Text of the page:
I would love it if non-Native people started educating themselves and their children about Native Americans. Learn about their culture, art, history, their understanding of astronomy, their respect for the Earth, and so much more. Buy books for yourself and your children from Native bookstores written by Native authors. There are so many amazing choices for readers of all ages! Find a pow-wow, drumming circle, or storytelling event to attend in your area. If being there doesn’t summon you to tears and shake you to your core, I will be surprised. It is so fun to watch kiddos respond! The drumming and dancing seem to speak to them at an instinctual level.

Another thing I wish all companies and groups that meet and gather would do when they convene is to state a Land Acknowledgement.  Many of the meetings I attend start with this, which I feel is an important step in recognizing the history of the land we stand on and its original owners.  Here is a link with more details and a way to search for the indigenous group of people who lived where you now meet.

My husband’s grandmother Laura Huber and her classmates at the girls’ Indian School in Bismarck, ND. 1931

As non-native parents of Native kids, have you created new traditions that incorporate your kids’ culture?

When my husband, Mike, and I were married, we were wrapped in a Native pattern wool blanket on the shores of Lake Superior. We also attend Pow-Wows whenever possible.  Before adopting our 4-year-old daughter, we had a sacred Anishanaabe naming ceremony for her.

Since it was recently Halloween, another “tradition” our family takes part in, I feel it is necessary to remind people that dressing up as an “Indian” is not okay. Their culture is not your costume. I saw two elementary-aged girls dressed up in generic Indian costumes this year! If a kiddo wants to be a character that happens to be Native, like Pocahontas for example, that is different. In that situation, they are portraying a character, not a generic version of a cultural group. I thought that in 2022 we all knew better.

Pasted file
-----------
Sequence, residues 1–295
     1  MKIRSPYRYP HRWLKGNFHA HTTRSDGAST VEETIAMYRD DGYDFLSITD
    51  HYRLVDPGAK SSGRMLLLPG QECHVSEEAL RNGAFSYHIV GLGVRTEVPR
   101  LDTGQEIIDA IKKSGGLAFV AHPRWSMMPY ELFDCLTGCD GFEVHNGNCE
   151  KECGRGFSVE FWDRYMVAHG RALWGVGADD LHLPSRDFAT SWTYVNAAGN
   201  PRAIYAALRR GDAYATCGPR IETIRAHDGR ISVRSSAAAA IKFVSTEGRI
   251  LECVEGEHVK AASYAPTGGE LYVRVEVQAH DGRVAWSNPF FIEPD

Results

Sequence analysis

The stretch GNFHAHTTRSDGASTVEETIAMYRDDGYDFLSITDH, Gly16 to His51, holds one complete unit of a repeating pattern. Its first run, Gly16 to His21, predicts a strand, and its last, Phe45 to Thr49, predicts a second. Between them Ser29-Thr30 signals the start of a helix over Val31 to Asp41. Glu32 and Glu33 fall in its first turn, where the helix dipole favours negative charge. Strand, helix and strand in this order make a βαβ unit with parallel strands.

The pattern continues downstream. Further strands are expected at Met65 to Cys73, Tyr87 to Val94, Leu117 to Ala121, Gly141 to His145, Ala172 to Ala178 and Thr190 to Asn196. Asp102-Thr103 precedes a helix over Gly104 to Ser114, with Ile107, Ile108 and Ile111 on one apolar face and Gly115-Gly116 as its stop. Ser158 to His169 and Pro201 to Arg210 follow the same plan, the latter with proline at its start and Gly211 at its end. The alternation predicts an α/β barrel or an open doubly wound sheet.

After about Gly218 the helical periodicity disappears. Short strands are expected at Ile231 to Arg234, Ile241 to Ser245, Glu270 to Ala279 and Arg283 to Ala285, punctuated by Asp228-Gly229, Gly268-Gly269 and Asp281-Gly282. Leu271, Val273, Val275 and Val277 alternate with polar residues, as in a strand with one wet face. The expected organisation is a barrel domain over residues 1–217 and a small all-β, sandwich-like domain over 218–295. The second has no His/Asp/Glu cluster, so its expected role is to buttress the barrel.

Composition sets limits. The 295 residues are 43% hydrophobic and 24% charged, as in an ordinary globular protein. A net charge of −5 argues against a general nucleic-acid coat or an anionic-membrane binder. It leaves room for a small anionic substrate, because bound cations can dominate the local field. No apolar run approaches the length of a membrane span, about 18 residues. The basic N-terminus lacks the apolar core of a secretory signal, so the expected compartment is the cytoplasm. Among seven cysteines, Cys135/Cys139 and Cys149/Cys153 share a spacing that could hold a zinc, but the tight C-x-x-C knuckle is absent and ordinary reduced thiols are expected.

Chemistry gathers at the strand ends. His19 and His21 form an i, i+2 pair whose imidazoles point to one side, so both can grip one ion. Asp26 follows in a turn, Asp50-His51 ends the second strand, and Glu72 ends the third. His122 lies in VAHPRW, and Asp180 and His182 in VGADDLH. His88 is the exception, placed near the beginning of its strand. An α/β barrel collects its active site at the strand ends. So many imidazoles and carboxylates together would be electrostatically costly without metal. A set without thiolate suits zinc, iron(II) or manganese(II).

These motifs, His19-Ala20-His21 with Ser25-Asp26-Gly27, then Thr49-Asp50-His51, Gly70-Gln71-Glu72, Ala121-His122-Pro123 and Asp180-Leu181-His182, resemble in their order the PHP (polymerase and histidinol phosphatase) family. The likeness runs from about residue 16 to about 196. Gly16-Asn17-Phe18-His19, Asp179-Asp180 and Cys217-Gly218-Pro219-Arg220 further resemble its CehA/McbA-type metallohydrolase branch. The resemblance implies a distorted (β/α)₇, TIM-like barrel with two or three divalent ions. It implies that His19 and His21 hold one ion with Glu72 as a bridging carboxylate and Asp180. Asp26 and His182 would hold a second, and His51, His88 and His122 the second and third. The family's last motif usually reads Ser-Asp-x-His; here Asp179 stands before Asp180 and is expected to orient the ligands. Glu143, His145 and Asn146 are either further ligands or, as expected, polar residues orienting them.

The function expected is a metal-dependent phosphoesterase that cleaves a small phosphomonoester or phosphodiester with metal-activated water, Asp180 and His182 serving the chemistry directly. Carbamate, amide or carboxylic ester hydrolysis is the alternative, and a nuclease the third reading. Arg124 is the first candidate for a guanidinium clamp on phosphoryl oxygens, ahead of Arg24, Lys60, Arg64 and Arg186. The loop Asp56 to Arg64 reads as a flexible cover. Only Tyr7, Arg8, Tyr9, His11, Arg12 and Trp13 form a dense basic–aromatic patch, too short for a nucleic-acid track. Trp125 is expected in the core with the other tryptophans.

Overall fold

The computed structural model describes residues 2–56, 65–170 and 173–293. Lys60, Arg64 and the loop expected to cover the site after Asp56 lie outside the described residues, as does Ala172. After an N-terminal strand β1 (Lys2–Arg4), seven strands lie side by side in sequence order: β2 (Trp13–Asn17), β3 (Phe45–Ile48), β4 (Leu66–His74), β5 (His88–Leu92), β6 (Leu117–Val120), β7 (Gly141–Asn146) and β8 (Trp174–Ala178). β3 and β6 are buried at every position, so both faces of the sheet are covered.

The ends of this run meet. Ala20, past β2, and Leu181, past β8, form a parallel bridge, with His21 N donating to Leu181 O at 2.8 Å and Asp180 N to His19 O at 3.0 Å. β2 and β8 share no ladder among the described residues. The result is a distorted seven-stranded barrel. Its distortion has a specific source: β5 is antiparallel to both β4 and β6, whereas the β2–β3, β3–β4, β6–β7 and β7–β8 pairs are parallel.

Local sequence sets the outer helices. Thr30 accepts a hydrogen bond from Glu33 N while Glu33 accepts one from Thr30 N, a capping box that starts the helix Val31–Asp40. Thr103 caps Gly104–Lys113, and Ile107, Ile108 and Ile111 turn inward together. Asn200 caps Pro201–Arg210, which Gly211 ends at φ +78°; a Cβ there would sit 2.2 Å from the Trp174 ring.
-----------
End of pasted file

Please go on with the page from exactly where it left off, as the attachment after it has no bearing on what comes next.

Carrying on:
As a family, we no longer acknowledge the holiday Thanksgiving. I think most of us now understand that what we learned in school wasn’t exactly how it was. What I have learned has been horrifying. There are truly no words. To anyone who still subscribes to “Thanksgiving” as a joyous commemoration of gratitude between colonists and Native Americans, I recommend doing a deeper dive into what you are celebrating. Two historical events took place that the colonists were actually “thankful” for and celebrating, and both were outright genocide. 

That said, we still gather in our home that week and spend time together as a family. I would never advocate for people to stop gathering and expressing gratitude for their blessings in November. In our family, we try to celebrate on a different day and refer to it as Indigenous Feast Day. I am so triggered by the term “Thanksgiving” now I struggled to put the hashtag on my listings for the Hash Flash!

Lumen in a portion of her great-grandmother Laura’s shawl at a pow-wow honoring her military service (she was a nurse in the army.)

What does Native American Heritage Month mean to you and how do you celebrate it?

This year, Native American Heritage Month has meaning that extends beyond our family home and into our local community. My colleagues and I are re-vamping the entire Indian Education program in our school district and are focusing on outreach and connection with the 140 or so students that are federally recognized as Native Americans in our district. We are rebuilding relationships that were lost during Covid and trying to find innovative ways to engage the students and their families.